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From:helcat
Date:August 24th, 2007 02:19 am (UTC)
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i was commended for having my act together on the financial side.

1. check your credit score first. if it needs work, spend some time working on it. dispute everything vigorously, take care of any delinquencies and subscribe to TrueCredit while you're working on your credit. Don't apply for anything until all three scores are >than 650.
2. ask about mortgage programs that will allow you to finance smart: fixed-rate, 30 year programs are out there for first time buyers for little or no downpayment above and beyond FHA.
3. have all of your financial information organized before you get to the mortgage loan officer. they love that, and think it's sexy. make copies of your two most recent bank statements, pay stubs, retirement statements, any other liquable assets you have. Get pre approved, which is not the same thing as prequalified. Get a good faith estimate of the costs for the loan for which you are approved. it should tell you how much your mortgage payment is, including all taxes and costs.
4. if you're buying a condo or townhouse, findout what the association fee covers. if it's three hundred a month and no utilities are included, fsck it.
5. once you know how much house you can afford, interview three or four real estate agents til you find one that clicks with you. don't go with anyone who makes you sign something first. use a Realtor, and not all real estate agents are Realtors. Don't go house shopping without that preapproval letter, because if you find the house you love and discover you can't get it, it's physically painful and emotionally draining.
6. Lowball. The worst that can happen is they counter.
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From:delkytlar
Date:August 24th, 2007 04:07 pm (UTC)
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- Check the basement and attic for ANY sign of water (dampness, stains, "old" drip marks, mustiness, mold, etc.) Water is a homeowner's greatest enemy.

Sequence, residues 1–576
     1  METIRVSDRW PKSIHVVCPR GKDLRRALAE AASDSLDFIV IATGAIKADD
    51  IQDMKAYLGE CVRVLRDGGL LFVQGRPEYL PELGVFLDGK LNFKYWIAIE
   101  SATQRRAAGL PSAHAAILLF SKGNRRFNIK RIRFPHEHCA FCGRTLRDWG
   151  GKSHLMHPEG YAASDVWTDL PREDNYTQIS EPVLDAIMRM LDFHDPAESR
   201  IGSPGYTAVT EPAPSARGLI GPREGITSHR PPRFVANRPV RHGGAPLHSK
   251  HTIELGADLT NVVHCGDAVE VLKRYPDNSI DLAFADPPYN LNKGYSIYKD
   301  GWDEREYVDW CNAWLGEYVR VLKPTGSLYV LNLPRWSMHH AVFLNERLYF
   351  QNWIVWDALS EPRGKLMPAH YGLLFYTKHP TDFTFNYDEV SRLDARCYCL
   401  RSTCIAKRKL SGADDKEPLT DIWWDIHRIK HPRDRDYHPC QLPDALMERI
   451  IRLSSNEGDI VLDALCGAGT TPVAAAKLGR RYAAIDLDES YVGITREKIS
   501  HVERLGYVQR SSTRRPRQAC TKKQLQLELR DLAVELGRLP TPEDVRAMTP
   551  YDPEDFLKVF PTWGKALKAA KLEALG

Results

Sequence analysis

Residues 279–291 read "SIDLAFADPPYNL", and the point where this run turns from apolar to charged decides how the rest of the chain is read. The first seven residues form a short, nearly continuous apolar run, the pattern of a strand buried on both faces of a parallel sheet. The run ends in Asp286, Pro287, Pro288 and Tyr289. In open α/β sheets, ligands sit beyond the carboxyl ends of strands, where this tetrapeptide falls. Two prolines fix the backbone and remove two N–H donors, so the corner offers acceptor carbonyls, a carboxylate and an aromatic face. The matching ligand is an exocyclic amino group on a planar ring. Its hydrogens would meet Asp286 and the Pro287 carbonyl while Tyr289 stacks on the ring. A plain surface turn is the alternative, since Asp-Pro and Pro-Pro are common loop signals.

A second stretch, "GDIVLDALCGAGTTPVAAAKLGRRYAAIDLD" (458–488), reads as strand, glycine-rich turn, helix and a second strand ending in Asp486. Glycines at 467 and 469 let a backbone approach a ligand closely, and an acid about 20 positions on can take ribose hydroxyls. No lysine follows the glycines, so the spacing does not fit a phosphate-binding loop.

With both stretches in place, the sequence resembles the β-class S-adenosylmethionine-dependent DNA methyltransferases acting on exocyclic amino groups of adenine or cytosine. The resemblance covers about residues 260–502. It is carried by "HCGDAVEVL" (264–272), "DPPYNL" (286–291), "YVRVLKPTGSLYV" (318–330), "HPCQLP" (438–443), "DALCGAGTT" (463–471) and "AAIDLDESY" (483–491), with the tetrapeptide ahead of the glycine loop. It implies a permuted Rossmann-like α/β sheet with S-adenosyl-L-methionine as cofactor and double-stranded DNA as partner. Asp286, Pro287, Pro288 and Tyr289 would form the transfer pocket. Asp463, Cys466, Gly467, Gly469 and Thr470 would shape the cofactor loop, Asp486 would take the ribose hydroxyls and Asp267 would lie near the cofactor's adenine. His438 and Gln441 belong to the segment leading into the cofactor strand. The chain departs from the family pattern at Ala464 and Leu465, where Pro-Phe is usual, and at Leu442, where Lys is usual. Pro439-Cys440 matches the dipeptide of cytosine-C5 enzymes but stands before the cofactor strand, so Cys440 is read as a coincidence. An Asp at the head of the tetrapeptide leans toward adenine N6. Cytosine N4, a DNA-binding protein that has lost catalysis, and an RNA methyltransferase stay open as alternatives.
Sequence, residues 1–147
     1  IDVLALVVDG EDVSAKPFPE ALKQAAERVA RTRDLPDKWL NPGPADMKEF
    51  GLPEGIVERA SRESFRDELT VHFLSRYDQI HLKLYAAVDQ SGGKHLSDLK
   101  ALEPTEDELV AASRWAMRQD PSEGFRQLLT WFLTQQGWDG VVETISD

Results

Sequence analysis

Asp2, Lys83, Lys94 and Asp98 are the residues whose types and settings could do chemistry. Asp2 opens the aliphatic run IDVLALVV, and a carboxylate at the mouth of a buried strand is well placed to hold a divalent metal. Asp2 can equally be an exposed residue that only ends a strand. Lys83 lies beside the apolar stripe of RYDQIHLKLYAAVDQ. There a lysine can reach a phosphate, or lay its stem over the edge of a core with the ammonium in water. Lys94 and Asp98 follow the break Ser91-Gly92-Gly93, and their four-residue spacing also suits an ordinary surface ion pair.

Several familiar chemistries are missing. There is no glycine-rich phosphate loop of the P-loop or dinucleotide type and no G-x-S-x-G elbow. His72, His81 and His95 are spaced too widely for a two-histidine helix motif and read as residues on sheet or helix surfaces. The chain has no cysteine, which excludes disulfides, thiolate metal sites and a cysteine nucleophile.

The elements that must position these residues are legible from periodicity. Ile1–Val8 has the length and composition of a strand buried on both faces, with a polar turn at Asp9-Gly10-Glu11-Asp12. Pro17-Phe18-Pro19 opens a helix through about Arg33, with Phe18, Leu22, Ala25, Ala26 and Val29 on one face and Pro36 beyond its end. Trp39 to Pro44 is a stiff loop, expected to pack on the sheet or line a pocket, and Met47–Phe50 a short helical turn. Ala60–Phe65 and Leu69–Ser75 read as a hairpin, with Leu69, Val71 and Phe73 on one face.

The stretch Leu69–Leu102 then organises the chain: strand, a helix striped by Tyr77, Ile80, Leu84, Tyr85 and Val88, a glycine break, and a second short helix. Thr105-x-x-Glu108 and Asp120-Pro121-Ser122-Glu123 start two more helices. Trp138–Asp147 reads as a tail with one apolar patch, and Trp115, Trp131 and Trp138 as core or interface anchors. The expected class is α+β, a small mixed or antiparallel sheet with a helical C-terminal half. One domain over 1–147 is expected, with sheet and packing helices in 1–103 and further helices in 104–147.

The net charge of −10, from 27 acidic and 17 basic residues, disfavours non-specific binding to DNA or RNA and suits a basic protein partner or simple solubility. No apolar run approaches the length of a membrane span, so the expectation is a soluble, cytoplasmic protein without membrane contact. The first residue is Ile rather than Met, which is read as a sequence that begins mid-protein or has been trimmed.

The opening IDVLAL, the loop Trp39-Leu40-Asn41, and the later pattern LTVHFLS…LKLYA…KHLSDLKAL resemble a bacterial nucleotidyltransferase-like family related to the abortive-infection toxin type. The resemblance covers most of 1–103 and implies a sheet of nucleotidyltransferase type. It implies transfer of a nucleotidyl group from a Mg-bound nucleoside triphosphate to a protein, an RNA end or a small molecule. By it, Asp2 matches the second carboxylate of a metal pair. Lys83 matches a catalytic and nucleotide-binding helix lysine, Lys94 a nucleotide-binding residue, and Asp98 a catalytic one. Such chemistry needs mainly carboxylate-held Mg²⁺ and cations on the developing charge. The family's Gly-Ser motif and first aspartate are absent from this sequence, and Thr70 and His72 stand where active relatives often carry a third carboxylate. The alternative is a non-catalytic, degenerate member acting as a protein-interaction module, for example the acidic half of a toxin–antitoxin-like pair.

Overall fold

- Look over the utilities carefully (furnace, waterheater, A/C, electric/gas/water meters) or have someone look them over if the buyer does not feel competent in those areas.

- Examine and ask to see any remaining appliances run (stove, dishwasher, washer/dryer, A/C).

On a different level, one tip to keep in mind if your friend is going to live in an area that gets significant snow. If they don't have a homeowner's association plowing the driveway, be aware that most snowplows plow to the right side of the vehicle. If the house is on that side of the street, your friend should be prepared to dig out the drive more than once per storm.
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From:quarkwiz
Date:August 24th, 2007 05:24 pm (UTC)
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A lot of my advice wouldn't apply because we bought directly from the seller. However, in addition to the excellent financial advice already offered, I'll say this: Big down payment. Big, big, BIG. As big as you can without selling off loved ones. A big down payment will make a lot of other questions go away. We got our 30-year fixed at a very nice rate from the first bank we asked; absolutely painless.

Also--book a room at the nearest Lowe's/Home Despot. It's gonna be yer second home for awhile. ;-)